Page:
How Entrepreneurs Can Benefit from a Hacker Mindset

What it takes to turn ideas into reality

“A hacker is not what you’re thinking when you imagine that black terminal screen with a green font and somebody breaking into stuff.”

So says Christian Pelaez-Espinosa (one of the founding members of Florida Hackers) during our Startup Capital interview in which we talk about what hacking is and isn’t. “Hacking,” in the 2016 sense of the word, is less about illicit activity and more about an innovative mindset.

Hacking is a subculture focused on taking a piece of technology and using it in an innovative or novel way, usually with fun or interesting results. It’s about resourcefulness, exploration, and experimentation. And ultimately, it’s about turning an idea into reality. Isn’t that the whole idea behind entrepreneurship?

Looking past fundraising, networking, “growth-hacking,” and other aspects of starting up, entrepreneurship is about having an idea and turning it into a business. So, what can entrepreneurs learn from the hacker mindset?

Use all the tools at your disposal

One facet of hacker culture is being able to look around you and use everything at your disposal to help build whatever it is that you’re building. What tools, digital or physical, will help you achieve this goal?

The same goes for a startup. Beyond technical tools, what are the connections, the opportunities, and the organizations in your community that you can leverage to help spread the word, acquire funding, recruit talent, find mentors, and so forth?

If you’re thinking about a startup, take a look and figure out how you can best leverage your assets and the ecosystem around you. You may just ‘hack’ your way towards a sustainable and scalable business.
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“What tools, digital or physical, will help you achieve this goal?” Via hackNY

Make things

Builder, maker, designer, founder – the world of startups is flush with words describing people who make something out of nothing. Hacking is about doing the very same thing. It’s having an idea that you think is worth pursuing and going after it. Whether that’s a wacky AI chatbot you plan on building in a weekend, an app to disrupt an entire industry, or even a small business, “making things” is a fulfilling and positive way to view entrepreneurship and startups.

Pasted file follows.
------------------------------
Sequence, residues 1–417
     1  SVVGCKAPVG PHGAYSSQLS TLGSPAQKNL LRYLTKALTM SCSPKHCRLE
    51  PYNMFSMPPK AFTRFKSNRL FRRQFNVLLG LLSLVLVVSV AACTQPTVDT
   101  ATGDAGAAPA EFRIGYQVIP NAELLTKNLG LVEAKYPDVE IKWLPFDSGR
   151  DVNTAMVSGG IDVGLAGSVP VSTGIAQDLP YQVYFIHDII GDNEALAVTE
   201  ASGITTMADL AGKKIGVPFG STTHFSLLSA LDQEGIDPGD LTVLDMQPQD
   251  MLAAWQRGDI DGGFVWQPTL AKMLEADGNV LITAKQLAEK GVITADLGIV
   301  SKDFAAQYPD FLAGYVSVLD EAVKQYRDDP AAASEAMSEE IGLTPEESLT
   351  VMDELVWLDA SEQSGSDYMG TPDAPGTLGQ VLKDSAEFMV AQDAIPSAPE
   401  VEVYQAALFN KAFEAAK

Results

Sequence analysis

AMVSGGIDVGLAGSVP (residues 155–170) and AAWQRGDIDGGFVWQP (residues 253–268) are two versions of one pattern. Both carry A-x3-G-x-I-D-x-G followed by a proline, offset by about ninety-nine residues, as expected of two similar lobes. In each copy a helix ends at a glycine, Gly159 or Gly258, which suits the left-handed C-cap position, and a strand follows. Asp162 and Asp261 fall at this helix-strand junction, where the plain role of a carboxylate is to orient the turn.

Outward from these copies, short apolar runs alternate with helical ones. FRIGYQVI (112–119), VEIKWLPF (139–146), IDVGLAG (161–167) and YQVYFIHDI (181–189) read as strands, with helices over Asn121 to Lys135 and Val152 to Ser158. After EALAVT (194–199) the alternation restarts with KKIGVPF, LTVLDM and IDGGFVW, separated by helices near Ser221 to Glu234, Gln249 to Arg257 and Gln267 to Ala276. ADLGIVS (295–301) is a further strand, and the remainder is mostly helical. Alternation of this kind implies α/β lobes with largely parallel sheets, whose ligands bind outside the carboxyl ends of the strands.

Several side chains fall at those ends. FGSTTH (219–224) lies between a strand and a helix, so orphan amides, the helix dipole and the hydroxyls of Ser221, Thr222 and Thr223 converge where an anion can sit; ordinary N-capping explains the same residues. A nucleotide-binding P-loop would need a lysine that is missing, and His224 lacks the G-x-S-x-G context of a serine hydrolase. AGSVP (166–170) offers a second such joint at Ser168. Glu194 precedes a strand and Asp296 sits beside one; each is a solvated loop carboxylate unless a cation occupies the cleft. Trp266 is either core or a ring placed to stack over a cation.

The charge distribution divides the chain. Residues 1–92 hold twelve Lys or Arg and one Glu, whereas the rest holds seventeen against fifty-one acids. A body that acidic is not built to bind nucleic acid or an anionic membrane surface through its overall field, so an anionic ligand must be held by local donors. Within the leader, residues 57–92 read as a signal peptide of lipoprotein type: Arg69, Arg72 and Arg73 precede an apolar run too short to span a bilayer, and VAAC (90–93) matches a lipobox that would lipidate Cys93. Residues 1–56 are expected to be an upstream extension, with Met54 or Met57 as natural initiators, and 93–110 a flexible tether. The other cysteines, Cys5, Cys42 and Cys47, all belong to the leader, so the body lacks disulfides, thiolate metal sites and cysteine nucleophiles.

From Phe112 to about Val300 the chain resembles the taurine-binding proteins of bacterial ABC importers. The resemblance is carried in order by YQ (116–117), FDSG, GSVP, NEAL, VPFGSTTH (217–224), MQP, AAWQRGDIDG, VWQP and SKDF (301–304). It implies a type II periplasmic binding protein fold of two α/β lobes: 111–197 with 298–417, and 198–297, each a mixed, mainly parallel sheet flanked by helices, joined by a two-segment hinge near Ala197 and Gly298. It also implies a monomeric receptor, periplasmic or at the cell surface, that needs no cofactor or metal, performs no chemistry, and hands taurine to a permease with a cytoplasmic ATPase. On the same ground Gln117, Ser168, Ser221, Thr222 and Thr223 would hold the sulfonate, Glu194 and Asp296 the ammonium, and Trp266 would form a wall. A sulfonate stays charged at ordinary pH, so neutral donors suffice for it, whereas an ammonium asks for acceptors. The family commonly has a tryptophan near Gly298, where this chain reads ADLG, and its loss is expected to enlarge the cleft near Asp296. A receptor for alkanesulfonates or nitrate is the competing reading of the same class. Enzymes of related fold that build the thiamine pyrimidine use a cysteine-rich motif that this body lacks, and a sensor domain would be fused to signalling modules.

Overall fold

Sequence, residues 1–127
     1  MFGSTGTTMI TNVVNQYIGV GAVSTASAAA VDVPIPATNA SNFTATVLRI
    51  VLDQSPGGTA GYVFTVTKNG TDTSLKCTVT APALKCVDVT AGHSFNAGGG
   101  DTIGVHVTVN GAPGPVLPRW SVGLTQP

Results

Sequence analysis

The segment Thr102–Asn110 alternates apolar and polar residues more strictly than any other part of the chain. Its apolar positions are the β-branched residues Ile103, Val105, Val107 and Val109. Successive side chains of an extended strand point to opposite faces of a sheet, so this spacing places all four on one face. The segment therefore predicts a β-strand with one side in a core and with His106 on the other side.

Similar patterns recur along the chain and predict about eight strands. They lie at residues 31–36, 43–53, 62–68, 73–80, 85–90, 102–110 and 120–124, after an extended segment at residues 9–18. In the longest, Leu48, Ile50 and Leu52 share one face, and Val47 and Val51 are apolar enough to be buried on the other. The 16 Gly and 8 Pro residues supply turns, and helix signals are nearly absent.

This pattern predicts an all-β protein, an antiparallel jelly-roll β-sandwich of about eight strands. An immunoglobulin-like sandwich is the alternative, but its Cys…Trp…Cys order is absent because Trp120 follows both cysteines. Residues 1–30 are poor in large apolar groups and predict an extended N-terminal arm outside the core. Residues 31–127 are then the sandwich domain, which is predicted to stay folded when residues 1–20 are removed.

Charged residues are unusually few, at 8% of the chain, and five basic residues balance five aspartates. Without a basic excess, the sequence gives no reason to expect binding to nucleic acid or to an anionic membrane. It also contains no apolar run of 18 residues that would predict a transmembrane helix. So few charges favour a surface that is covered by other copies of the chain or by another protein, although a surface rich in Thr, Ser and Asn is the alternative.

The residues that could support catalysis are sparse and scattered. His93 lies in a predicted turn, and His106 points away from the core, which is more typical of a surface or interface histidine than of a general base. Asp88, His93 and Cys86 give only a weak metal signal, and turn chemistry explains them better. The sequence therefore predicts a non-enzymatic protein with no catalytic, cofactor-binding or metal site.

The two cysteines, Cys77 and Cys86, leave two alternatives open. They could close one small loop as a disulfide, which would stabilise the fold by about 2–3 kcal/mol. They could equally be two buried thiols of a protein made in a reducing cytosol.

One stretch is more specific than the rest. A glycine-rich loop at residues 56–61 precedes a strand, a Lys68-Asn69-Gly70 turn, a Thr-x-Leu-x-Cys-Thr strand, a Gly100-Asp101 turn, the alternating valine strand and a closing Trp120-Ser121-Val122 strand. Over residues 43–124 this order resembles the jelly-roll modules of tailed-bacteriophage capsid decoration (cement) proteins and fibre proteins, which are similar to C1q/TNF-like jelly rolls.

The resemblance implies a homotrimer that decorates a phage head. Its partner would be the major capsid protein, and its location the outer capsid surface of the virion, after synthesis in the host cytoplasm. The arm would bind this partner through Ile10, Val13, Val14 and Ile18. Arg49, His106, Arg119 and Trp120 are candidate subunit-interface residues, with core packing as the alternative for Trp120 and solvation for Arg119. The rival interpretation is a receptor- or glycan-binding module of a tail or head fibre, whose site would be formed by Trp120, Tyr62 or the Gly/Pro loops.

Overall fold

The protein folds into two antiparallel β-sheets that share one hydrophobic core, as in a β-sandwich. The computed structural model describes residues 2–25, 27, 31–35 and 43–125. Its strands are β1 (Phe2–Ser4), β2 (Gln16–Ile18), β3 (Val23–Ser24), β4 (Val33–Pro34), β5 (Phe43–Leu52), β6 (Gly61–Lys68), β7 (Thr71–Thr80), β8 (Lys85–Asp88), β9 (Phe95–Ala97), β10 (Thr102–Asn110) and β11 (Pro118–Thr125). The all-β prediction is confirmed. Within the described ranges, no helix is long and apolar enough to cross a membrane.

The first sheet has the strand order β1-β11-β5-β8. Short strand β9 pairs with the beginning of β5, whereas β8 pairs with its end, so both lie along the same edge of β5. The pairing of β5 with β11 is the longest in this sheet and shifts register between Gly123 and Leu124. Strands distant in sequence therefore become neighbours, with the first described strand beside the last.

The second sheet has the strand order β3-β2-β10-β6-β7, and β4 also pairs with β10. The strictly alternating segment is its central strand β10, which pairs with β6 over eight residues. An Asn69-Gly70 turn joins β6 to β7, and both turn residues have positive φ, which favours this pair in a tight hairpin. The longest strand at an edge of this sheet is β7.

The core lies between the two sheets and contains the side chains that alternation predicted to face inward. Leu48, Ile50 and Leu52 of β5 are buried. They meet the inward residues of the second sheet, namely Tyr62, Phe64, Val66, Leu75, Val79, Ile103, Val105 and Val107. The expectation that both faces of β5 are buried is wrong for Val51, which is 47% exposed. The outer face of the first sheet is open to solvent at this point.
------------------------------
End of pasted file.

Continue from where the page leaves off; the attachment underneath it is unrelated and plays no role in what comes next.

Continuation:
Learn through experimentation

One reason that hackathons are so popular among young technophiles is that it provides a chance to test out new ideas as well as test themselves in a new environment. Challenging yourself and stepping out of your comfort zone is a cornerstone of hacker culture. Ask any entrepreneur, and they’ll tell you all about “comfort zone.”

Entrepreneurship provides ample opportunity for experimentation and growth that everyone should take advantage of. Whether it’s pitching to important strangers, trying a new market strategy, testing out a new UI/UX design, or just getting yourself out there, make sure that you’re pushing the boundaries of what you as a person are capable of.

Focus on growth (not success or failure)

Ask any hackathon attendee whether they succeeded or failed, they’ll probably just tell you how much fun they had. Because in the end, it isn’t about success or failure — it’s about learning and personal growth. You could say the exact same thing about entrepreneurship. While obviously you want your business to succeed, whether or not it wins big, you should be focused on personal growth.

That way, even if you fail, you’ll be able to become better at what you do. You’ll become a better builder and you’ll have a higher chance of success next time. If you focus on learning, growth, and skills, you can’t fail (even if your startup does).

Ultimately, many hackers are entrepreneurs, just as many entrepreneurs are hackers. The intersection of these two cultures has produced fascinating results in the past few years, and we can’t wait to see what the next generation of young hackers and startups will build.

But even if you’re not young and technically skilled, there’s room for a hacker mindset. Just because you’re forty years old with an MBA doesn’t mean you can’t put on the hacking gloves every once in a while and try to build something great.

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